Okanogan Country is home to a wide variety of wildlife, making it a prime destination for anyone hoping to spot elk, swans, moose, or maybe even a cougar. These tips, tricks and secrets to exploring the habitats that are home to local and migratory animals will help boost your chances of success. Don’t forget to pack a pair of binoculars, your camera and some good walking shoes.

Birders of all levels from novice to professional can find a truly delightful experience in Okanogan Country. The wide diversity of landscape and climate attracts birds to the area. The numerous lakes and rivers are a magnet for waterfowl and shorebirds. A variety of songbirds and upland birds make their homes in the high deserts and alpine meadows. Spot any number of black-capped and mountain chickadees; house and Cassin’s finches; red-breasted, white-breasted and pygmy nuthatches; downy and hairy woodpeckers; northern flickers; dark-eyed juncos; and American goldfinches. Many local Audubon chapters are involved in conserving and sharing the variety of beautiful birds to be spotted in the area.

Bald eagle and osprey. (Justin Haug photo)

Alta Lake is a beautiful place to stop to view wildlife. This scenic, deep lake is just a couple of miles from Pateros and is the first trout lake encountered as you enter the Methow Valley. Many species of waterfowl, songbirds and small mammals frequent the shores. Bring the family to explore the shallows for amphibious friends swimming, turtles basking and dragonflies flitting about in the sunshine.

The Okanogan River runs the length of the county and abounds with opportunities to see migratory swans, cranes and a variety of smaller ducks. As the weather cools and the grain fields are harvested, many of these beautiful birds can be seen foraging and enjoying the big open waters. At the confluence of the Columbia River, the Cassimer Bar Wildlife Area provides a stunning opportunity to spot beaver, bear, white-tailed deer, yellow-bellied marmots and other wildlife coming down to the water’s edge for a drink.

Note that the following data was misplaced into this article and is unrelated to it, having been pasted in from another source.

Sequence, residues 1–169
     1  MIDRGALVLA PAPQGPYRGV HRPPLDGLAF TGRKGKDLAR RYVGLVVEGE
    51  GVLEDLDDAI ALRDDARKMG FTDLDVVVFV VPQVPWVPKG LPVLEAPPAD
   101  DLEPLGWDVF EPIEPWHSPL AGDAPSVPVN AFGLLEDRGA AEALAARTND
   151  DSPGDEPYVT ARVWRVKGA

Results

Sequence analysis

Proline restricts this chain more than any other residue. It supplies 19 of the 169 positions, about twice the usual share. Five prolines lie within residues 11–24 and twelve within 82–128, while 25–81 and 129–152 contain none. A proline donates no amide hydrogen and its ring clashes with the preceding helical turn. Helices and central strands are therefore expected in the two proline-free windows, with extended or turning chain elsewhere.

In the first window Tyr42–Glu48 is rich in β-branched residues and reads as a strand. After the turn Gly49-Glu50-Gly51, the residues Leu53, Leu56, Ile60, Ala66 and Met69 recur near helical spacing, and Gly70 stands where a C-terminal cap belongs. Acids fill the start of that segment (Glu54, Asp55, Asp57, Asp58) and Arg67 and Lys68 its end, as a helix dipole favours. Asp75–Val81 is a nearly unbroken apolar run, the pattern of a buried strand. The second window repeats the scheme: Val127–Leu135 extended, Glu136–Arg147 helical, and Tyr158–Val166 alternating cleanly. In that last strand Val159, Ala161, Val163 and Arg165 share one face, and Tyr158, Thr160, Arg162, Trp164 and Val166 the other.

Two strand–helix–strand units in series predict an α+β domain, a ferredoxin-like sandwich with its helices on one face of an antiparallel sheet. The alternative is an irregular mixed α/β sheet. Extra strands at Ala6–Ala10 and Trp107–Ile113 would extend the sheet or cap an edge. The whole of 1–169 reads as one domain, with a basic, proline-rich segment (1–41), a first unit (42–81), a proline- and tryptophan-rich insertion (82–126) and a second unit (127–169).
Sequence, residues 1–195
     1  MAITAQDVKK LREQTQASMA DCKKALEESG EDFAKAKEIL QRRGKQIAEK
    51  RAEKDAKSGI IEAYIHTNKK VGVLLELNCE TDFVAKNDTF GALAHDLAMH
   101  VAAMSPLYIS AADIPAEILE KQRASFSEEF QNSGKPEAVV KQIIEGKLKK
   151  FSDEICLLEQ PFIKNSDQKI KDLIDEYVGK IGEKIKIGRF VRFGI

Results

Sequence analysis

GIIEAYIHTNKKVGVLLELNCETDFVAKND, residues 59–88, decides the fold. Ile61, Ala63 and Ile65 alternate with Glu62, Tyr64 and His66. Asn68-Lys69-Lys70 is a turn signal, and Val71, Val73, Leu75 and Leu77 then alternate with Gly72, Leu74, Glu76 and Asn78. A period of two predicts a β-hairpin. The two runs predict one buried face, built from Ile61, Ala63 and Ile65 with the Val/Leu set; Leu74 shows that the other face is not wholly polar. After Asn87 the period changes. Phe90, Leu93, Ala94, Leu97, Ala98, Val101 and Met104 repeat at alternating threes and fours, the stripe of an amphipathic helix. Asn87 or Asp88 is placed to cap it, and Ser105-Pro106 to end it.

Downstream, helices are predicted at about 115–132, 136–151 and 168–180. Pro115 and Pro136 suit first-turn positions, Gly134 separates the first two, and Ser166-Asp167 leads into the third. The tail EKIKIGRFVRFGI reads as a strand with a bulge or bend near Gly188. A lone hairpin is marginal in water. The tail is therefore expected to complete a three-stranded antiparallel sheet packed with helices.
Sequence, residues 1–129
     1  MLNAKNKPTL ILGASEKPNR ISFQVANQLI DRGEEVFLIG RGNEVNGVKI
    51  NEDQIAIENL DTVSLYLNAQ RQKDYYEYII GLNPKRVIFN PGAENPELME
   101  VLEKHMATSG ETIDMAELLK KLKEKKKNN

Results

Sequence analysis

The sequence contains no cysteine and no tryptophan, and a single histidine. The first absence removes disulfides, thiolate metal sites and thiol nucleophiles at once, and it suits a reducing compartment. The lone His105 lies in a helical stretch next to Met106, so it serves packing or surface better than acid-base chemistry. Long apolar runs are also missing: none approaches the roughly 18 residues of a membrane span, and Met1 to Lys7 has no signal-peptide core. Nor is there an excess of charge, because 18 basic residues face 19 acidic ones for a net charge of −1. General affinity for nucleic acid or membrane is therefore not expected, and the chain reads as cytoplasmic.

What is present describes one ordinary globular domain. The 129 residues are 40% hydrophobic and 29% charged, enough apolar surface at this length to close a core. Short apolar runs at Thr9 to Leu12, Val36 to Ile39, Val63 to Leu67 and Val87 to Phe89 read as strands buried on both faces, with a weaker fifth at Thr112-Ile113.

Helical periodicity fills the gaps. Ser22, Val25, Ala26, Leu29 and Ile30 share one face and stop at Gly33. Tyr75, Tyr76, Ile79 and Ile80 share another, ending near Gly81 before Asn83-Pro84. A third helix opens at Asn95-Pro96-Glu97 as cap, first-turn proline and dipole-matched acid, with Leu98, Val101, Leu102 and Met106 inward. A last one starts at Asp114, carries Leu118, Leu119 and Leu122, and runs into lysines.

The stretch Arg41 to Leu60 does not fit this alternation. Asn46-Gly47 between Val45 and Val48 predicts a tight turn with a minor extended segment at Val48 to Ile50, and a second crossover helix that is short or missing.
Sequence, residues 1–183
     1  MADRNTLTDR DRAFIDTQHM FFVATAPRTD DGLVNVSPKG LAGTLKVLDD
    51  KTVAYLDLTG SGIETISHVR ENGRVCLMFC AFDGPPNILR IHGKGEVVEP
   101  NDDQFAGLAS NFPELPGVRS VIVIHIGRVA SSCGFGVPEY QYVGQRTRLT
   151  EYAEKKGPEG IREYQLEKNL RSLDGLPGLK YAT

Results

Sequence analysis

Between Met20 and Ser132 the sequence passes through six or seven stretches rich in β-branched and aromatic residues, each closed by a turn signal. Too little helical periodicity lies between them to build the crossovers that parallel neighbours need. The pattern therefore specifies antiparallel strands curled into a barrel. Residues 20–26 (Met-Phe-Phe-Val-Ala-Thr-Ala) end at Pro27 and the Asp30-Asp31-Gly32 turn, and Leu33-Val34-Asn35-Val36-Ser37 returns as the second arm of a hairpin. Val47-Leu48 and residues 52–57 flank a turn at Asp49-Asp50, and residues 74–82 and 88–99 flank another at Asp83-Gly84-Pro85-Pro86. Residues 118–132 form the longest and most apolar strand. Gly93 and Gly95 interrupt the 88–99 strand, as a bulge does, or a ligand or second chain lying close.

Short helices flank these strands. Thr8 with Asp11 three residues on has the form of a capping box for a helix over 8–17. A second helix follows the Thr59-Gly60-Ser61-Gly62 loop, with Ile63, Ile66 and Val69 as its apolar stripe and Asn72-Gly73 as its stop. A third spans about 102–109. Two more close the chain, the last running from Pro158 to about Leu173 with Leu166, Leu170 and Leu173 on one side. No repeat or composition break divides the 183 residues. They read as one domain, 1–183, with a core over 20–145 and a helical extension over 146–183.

Mule deer (Tom Reichner photo)

Many of the public lands in Okanogan Country were acquired for winter range for mule deer and other cervid populations, including the Golden Doe Wildlife Area. Chosen for its biodiversity and extensive riverside habitat along the Methow River, sightings of moose, cougar, and a variety of birds are possible throughout the historic homestead.

Along the northeastern edge of the county is the best opportunity to see resident elk populations. Take a beautiful drive to the historic ghost towns of Chesaw and Molson with your camera and binoculars ready. Continue on the beautiful loop past Beth and Beaver Lake Campground for a chance to see loons, osprey and eagles in this quiet corner of the map. The historic ghost town of Bodie is just another hop, skip and a jump away, while the flash of a snowshoe hare’s white feet might catch your eye from the trail. Don’t blink!

No matter where you travel in Okanogan Country, stop at every chance you get to sample the flavors, culture, friendliness and authentic hospitality — of Washington’s largest county. Free guides and maps at www.OkanoganCountry.com